15. The digging or tilling tool of claim 14, wherein the two or more tines have a generally L-shaped cross-section.
16. The digging or tilling tool of claim 14, wherein the two or more tines have a generally T-shaped cross-section.
17. A digging or tilling tool head, comprising:
a first member; and
a plurality of depending tines connected to one side of the first member so as to extend in a direction generally perpendicular to the extent of the first member, each of the plurality of tines being spaced from one another, and each of the plurality of tines having an L-shaped or T-shaped cross section;
wherein the tool head has a generally vertically-extending centerline.
18. The digging or tilling tool head of claim 17, further comprising a first engaging structure connected to or formed integrally with the first member on a second side of the first member.
19. The digging or tilling tool head of claim 18, wherein the first engaging structure is positioned proximate to one end of the first member, horizontally offset from the centerline of the tool head.
20. The digging or tilling tool head of claim 17, further comprising:
a first engaging structure (1) being adapted to engage a second, complementary engaging structure on or attached to a shaft so as to couple the shaft to the tool head, and (2) being situated at a point horizontally offset from the centerline of the tool head; and
a first and second connecting members connected between the first engaging structure and the first member, the first and second connecting members being horizontally spaced from one another so as to leave an opening therebetween, the first and second connecting members connecting to the first member proximate to side edges thereof, such that an opening is provided over the first member, bounded by the first and second connecting members.
US14/231,188 2013-04-01 2014-03-31 Digging and Tilling Implements with Knee Clearance Abandoned US20140292009A1 (en)

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US14/231,188 US20140292009A1 (en) 2013-04-01 2014-03-31 Digging and Tilling Implements with Knee Clearance

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Publication number Priority date Publication date Assignee Title
USD795662S1 (en) * 2016-02-04 2017-08-29 David M. Johnson Tool for removing roof shingles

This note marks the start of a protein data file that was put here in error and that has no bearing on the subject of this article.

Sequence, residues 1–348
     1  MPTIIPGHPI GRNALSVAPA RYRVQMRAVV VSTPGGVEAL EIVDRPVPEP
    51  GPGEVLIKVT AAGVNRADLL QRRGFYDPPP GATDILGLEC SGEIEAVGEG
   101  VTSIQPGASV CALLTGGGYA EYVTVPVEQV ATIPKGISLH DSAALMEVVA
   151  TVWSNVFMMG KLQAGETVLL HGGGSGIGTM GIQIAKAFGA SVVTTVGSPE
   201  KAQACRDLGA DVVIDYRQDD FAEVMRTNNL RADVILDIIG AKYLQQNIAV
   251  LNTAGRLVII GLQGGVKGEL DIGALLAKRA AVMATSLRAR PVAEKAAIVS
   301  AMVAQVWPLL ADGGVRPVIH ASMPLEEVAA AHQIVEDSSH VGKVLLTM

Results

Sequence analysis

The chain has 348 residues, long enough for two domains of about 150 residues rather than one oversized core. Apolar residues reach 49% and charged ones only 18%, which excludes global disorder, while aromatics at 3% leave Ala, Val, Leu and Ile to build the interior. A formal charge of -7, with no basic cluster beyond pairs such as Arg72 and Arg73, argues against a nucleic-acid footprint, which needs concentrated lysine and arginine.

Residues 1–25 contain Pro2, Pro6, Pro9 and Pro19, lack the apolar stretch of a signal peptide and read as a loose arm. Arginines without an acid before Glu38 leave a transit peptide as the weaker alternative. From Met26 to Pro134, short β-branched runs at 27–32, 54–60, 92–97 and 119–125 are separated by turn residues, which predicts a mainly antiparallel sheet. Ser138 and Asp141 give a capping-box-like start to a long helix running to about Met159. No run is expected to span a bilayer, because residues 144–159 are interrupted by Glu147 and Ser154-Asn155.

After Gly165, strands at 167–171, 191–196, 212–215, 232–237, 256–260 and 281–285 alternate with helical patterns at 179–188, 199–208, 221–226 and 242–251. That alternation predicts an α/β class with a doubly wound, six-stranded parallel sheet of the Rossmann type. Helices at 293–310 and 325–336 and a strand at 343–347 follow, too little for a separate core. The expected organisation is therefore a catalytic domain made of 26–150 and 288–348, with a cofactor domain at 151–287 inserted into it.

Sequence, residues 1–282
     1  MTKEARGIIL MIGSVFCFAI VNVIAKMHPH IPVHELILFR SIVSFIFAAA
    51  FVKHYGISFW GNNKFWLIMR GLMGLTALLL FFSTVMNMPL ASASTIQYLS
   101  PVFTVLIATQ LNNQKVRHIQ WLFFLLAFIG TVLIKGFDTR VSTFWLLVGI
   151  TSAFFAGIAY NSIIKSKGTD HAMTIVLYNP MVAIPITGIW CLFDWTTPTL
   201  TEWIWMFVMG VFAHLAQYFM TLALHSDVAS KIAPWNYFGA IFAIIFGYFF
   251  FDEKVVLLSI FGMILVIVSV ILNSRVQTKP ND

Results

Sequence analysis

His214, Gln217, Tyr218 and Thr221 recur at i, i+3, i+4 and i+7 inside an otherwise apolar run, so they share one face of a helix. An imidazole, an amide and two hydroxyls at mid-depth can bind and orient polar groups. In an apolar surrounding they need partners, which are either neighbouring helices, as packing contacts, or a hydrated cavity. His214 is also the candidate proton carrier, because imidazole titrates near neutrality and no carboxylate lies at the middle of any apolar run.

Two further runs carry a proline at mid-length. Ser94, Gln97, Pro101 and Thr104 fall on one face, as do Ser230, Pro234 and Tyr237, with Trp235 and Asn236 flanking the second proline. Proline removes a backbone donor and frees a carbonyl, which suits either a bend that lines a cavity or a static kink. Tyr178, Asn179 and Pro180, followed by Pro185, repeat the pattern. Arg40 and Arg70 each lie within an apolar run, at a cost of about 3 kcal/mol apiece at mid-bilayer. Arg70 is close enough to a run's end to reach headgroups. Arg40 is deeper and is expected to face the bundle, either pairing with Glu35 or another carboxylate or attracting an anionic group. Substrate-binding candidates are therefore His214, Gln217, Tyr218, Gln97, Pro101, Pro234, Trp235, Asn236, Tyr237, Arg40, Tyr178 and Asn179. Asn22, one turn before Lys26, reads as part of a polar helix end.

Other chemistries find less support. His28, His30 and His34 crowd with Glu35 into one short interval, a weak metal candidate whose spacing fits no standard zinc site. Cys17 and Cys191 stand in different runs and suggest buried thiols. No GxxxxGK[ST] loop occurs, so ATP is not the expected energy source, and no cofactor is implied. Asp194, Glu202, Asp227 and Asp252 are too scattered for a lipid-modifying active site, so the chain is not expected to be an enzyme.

WO2018049589A1 (en) * 2016-09-14 2018-03-22 杨丁香 Multifunctional garden shovel for ecological garden
USD833237S1 (en) * 2015-05-21 2018-11-13 Michael K. Parr Combined shear blade, rake, and hook

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GB547775A (en) * 1941-07-03 1942-09-10 Lionel De Merindol Malan Improvements in and relating to implements for digging
US2852996A (en) * 1953-10-12 1958-09-23 Otto C Meyer Lawn conditioning fork
US3014750A (en) * 1959-03-27 1961-12-26 William O Briggs Easy hold shovel handle
DE3840661A1 (en) * 1987-12-18 1989-06-29 Alois Schmiderer Rechenerzeugu Rake
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US6076614A (en) * 1998-07-16 2000-06-20 Gracy; Mark S. Soil tilling implement with novel tine and footrest structure
US20050035612A1 (en) * 2003-08-11 2005-02-17 Olinski Matthew J. Tool leverage attachment
GB2456816A (en) * 2008-01-25 2009-07-29 Stanislaw Budryk A digging implement
US20120103640A1 (en) * 2010-10-27 2012-05-03 Christopher James Kirchmann Weed Stomping Tool
US20130193700A1 (en) * 2012-01-30 2013-08-01 Stephen Walden Ergonomically designed multi-handled tool

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Publication number Priority date Publication date Assignee Title
US1772385A (en) * 1926-11-09 1930-08-05 D Ambrosio Domenico Grubbing fork
GB547775A (en) * 1941-07-03 1942-09-10 Lionel De Merindol Malan Improvements in and relating to implements for digging
US2852996A (en) * 1953-10-12 1958-09-23 Otto C Meyer Lawn conditioning fork
US3014750A (en) * 1959-03-27 1961-12-26 William O Briggs Easy hold shovel handle
DE3840661A1 (en) * 1987-12-18 1989-06-29 Alois Schmiderer Rechenerzeugu Rake
US4904011A (en) * 1988-06-02 1990-02-27 Hawk Ernest D Shovel and method of making the same
US6076614A (en) * 1998-07-16 2000-06-20 Gracy; Mark S. Soil tilling implement with novel tine and footrest structure
US20050035612A1 (en) * 2003-08-11 2005-02-17 Olinski Matthew J. Tool leverage attachment
GB2456816A (en) * 2008-01-25 2009-07-29 Stanislaw Budryk A digging implement
US20120103640A1 (en) * 2010-10-27 2012-05-03 Christopher James Kirchmann Weed Stomping Tool
US20130193700A1 (en) * 2012-01-30 2013-08-01 Stephen Walden Ergonomically designed multi-handled tool

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* Cited by examiner, † Cited by third party
Publication number Priority date Publication date Assignee Title
USD833237S1 (en) * 2015-05-21 2018-11-13 Michael K. Parr Combined shear blade, rake, and hook
USD795662S1 (en) * 2016-02-04 2017-08-29 David M. Johnson Tool for removing roof shingles
WO2018049589A1 (en) * 2016-09-14 2018-03-22 杨丁香 Multifunctional garden shovel for ecological garden